The tourism economy can also benefit:

  • Walkable communities attract tourism[10] [11] as tourists often prefer walking as a transport mode when on holiday.[12]
  • The redevelopment of the Third Street Pedestrian Mall in Santa Monica, California in the late 1980s was the seminal project showing that a tourist destination could stimulate business activity by having a pedestrian focus (wide footpaths, lighting, rubbish bins, plazas, and 24-hour land-use activities) while retaining motor vehicle traffic.[13]
  • Around the world, ‘car-free’ central city streets such as the 1.1 km long pedestrian street of Strøget in Copenhagen have become major tourism destinations. Strøget and nearby pedestrianised streets support a walking mode share of 80% and feature festivals, cultural activities, ice-skating that help attract and retain tourists.[14]
  • In Dunedin, surveys indicate that over 60% of visitors participate in a ‘walk in the city’ and the enhancement of various walking activities is a key focus area for the city.[15]

For information relating to economic assessment of improving walking facilities,see
PNG: Planning and funding


[1] Ministry of Transport. (September 2018). 2017 New Zealand Vehicle Fleet Annual Spreadsheet (version 4)(external link)

[2] Ministry of Transport. (September 2018). Households with access to motor vehicles (external link)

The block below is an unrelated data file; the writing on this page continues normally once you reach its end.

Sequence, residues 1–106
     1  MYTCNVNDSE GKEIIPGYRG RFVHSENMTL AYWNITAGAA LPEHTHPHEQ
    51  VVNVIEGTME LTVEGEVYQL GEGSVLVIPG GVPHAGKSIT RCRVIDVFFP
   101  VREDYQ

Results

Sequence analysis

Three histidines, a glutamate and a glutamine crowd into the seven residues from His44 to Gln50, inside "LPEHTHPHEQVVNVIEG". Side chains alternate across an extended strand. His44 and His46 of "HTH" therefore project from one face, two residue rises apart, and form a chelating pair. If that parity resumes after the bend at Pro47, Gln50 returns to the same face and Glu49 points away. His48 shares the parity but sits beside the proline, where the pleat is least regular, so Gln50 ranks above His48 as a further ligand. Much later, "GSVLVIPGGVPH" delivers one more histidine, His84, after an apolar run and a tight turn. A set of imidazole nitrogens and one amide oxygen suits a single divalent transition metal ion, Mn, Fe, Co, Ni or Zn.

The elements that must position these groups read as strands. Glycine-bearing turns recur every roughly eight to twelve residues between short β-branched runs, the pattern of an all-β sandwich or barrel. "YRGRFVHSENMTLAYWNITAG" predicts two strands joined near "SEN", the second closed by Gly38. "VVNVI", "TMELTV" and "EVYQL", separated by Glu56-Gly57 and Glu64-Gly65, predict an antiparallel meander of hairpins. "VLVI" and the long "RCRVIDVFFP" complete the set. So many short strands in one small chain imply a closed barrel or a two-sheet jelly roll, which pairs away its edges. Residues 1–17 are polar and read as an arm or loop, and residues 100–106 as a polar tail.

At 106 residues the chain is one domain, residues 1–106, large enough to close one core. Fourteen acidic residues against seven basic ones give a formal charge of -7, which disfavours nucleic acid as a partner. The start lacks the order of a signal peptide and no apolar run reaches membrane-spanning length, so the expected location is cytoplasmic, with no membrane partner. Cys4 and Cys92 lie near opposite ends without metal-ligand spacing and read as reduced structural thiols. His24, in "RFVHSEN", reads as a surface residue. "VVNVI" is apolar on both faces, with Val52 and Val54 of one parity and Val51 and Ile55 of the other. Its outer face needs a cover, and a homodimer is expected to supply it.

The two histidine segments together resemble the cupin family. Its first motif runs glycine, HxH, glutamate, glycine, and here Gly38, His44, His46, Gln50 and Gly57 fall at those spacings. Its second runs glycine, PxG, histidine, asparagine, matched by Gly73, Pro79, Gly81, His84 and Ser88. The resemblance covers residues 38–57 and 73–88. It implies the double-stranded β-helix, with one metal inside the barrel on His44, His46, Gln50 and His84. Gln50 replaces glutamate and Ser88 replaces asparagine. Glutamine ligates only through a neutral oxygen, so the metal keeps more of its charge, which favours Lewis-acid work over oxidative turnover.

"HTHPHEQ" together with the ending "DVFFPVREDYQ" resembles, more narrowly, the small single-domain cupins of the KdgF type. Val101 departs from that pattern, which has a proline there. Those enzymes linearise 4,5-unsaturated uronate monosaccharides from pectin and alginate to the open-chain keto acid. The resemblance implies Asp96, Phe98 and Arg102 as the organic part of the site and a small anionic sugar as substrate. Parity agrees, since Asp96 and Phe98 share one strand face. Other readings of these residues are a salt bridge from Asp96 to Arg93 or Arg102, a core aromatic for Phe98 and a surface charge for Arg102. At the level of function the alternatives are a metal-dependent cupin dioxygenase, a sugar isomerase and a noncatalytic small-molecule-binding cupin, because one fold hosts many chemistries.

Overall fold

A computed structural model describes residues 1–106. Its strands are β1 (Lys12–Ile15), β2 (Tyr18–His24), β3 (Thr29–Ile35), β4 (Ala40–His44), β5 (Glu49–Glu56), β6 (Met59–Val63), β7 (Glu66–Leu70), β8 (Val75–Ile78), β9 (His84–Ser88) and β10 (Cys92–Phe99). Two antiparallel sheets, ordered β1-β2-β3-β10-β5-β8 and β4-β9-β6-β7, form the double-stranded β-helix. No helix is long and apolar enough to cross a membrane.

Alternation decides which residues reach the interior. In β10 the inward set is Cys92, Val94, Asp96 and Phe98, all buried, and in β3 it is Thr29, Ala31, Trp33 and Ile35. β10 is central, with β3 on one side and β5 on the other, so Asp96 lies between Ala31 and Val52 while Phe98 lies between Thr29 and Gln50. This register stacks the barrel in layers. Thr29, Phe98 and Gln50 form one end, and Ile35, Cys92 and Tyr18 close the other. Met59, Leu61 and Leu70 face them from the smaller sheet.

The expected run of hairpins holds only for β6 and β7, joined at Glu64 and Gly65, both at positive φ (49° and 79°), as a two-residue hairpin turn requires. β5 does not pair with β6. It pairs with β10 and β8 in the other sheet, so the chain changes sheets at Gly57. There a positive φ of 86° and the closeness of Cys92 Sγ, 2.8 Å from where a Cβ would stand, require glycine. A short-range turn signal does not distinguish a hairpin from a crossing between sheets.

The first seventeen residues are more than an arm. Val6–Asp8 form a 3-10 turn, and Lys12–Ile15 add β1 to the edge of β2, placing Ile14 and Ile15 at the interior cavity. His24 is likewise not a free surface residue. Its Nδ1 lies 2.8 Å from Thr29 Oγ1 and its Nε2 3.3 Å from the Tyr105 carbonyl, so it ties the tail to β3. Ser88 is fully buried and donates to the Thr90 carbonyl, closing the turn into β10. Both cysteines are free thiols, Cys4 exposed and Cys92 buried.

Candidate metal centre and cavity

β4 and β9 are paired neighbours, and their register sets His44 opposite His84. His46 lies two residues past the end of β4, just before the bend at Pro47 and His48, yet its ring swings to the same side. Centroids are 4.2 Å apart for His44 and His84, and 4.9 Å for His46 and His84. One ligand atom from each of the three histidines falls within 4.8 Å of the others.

[3] Statistics NZ. (2016). Household expenditure statistics: Year ended June 2016(external link)

[4] Mackie Research. (n.d.). Healthy Future Mobility Solutions(external link)

[5] Litman, T., (2018). Evaluating Active Transport Benefits and Costs(external link). Victoria Transport Policy Institute, Victoria, BC.

[6] Rohani, Mehrnaz & Lawrence, Grant. (2017). The relationship between pedestrian connectivity and economic productivity in Auckland’s city centre.(external link) Second edition. Network scenarios analysis. Auckland Council technical report, TR2017/007-2.

[7] Karnadacharuk, A., Vasisht, P., & Prasad, M., (2015). Shared Space Evaluation: O’Connell Street, Auckland.(external link) Australasian Transport Research Forum 2015 Proceedings, Sydney.

[8] Davis, D. (2015). A Tale of Two Cities: Auckland’s Shared Space programme turns streets into places(external link)

[9] Fleming (Allatt), T., Turner, S. & Tarjomi, L., (2013). Reallocation of road space. Waka Kotahi NZ Transport Agency Research Report 530.

[10] Clavé, S., (2019). Urban Tourism and Walkability, in The Future of Tourism, pp 195-211.

[11] UN World Tourism Organization. (2019). Walking Tourism – Promoting Regional Development(external link)

[12] Hall, M. & Ram, Y., (2019). Measuring the relationship between tourism and walkability? Walk Score and English tourist attractions. Journal of Sustainable Tourism(external link)

[13] Scmidt, J. (n.d.). Revisiting Pedestrian Malls(external link). NACTO

[14] European Commission. (n.d.). Reclaiming city streets for people: Chaos or quality of life?(external link)

[15] Dunedin Visitor Strategy Steering Group. (July 2008). Dunedin Visitor Strategy 2008–2015(external link)